Why do companies issue liquidating dividends
Non-participating preferred stock will not share in the liquidation proceeds on a pro rata basis with common stock after payment of the liquidation preference. If the proceeds are sufficient, then the holders of the preferred stock will voluntarily convert their preferred stock to common stock to maximize their share of the proceeds.
Fully participating stock will share in the liquidation proceeds on a pro rata basis with common stock after payment of the liquidation preference.
Instead of a distribution from retained earnings, stockholders receive a return of capital.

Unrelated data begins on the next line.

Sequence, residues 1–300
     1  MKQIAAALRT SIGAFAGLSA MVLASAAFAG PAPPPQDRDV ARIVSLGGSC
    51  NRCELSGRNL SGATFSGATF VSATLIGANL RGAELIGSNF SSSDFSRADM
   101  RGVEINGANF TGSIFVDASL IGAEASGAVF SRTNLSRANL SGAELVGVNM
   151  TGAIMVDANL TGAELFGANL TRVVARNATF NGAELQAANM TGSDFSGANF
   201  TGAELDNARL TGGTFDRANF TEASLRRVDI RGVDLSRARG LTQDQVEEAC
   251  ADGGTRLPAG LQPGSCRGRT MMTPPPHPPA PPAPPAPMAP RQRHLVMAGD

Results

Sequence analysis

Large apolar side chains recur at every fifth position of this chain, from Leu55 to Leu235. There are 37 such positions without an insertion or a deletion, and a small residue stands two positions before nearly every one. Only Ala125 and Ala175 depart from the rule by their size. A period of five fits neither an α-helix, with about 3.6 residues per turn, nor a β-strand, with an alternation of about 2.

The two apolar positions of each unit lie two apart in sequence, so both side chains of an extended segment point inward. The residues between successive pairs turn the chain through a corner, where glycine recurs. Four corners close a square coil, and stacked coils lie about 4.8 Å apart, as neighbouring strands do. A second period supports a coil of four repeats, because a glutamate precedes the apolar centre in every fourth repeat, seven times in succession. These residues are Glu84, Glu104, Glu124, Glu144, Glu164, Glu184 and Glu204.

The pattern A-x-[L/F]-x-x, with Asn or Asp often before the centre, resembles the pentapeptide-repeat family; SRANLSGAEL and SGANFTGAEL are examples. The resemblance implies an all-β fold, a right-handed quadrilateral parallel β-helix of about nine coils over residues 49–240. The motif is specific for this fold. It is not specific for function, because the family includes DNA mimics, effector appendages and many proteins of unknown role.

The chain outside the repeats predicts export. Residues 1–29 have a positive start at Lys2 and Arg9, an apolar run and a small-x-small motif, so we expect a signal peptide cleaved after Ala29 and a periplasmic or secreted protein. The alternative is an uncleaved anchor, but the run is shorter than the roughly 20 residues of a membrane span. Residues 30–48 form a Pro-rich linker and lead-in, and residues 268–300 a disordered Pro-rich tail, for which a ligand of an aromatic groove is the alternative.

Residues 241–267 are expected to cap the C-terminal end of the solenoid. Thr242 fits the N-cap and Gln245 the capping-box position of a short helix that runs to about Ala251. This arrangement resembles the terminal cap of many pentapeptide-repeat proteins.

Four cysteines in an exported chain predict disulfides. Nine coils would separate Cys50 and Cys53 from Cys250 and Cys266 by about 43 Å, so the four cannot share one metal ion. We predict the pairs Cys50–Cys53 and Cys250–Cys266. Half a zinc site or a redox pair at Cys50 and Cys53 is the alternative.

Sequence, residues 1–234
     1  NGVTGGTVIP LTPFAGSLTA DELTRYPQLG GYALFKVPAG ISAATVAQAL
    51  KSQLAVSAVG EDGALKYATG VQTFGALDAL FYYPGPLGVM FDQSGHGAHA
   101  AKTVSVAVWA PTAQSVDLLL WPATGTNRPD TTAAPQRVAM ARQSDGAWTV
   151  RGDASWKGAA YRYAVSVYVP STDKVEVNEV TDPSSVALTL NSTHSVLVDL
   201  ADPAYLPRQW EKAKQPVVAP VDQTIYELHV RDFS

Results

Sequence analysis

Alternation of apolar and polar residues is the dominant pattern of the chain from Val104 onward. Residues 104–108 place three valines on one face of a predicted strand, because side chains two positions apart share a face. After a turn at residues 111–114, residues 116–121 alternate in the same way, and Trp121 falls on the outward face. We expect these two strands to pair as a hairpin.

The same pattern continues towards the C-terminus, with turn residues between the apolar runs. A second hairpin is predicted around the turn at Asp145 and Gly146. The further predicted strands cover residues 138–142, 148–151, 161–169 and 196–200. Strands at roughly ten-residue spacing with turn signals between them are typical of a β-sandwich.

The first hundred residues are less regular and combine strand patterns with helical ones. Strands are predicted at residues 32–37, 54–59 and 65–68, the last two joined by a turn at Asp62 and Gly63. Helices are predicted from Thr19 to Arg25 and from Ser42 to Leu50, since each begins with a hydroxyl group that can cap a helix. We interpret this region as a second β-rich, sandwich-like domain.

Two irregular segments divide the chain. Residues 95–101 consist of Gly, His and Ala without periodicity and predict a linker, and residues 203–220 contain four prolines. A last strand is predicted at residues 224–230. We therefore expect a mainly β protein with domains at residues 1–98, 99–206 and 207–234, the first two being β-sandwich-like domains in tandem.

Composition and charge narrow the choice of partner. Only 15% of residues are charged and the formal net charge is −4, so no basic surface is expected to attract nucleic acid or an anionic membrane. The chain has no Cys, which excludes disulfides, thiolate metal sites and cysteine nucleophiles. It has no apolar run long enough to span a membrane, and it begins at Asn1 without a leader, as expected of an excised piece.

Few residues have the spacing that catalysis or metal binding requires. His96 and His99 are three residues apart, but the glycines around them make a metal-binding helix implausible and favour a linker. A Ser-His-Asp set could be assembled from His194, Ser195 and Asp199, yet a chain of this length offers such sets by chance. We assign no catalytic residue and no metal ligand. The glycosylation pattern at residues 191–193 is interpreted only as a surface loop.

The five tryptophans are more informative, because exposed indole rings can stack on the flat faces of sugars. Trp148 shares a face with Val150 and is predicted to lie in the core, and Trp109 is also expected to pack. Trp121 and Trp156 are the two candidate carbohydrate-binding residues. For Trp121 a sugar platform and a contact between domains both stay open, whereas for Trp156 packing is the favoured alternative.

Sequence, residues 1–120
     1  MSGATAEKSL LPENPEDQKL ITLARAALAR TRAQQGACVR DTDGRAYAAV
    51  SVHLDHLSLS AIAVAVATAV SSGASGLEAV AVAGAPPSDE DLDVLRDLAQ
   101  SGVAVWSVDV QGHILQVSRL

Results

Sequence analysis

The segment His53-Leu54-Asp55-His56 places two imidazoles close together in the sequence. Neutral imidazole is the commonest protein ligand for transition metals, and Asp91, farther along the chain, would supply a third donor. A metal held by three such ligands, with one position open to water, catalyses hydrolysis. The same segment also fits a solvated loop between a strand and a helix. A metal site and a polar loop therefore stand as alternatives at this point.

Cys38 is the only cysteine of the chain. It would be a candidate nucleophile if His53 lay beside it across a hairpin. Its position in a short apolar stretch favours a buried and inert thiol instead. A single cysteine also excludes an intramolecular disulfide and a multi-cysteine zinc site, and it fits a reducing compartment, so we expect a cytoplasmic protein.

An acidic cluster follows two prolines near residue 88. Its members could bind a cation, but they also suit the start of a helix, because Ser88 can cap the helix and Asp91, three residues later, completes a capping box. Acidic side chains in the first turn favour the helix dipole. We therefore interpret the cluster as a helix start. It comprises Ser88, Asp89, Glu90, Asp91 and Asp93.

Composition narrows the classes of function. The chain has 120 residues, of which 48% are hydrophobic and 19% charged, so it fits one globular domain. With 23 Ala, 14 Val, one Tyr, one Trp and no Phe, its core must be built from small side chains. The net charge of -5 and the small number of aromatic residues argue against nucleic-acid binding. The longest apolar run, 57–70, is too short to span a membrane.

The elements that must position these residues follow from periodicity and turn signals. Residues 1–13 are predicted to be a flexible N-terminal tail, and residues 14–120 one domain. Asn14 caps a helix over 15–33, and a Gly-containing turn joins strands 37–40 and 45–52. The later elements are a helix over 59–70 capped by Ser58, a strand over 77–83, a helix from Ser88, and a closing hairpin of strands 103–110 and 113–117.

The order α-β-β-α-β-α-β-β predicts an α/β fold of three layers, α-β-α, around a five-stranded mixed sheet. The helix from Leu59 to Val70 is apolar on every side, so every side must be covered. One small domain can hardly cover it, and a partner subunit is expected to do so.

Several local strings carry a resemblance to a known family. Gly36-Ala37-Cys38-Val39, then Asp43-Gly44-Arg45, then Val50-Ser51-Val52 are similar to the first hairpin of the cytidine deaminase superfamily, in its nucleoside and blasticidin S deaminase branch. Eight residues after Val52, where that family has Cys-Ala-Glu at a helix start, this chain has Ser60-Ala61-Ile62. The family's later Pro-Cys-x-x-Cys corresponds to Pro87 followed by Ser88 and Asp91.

Also a distribution of assets from a company that is going out of business.
Consider the following case study: Propco Ltd is a property investment company, set up two years ago by Steve, who is the sole shareholder. He pays income tax at 40% as he has a well paid job. After selling all its properties and paying all its tax, Propco is left with £700,000 in the bank, and no other assets or liabilities.
Preferred convertible stock includes two key features that skew the exit returns in the investor’s favour—liquidation preference and dividends.
As every share counts as a vote in the company, the more shares you have the more votes you have - for example, a person with 5 shares can out-vote a person with 4 shares.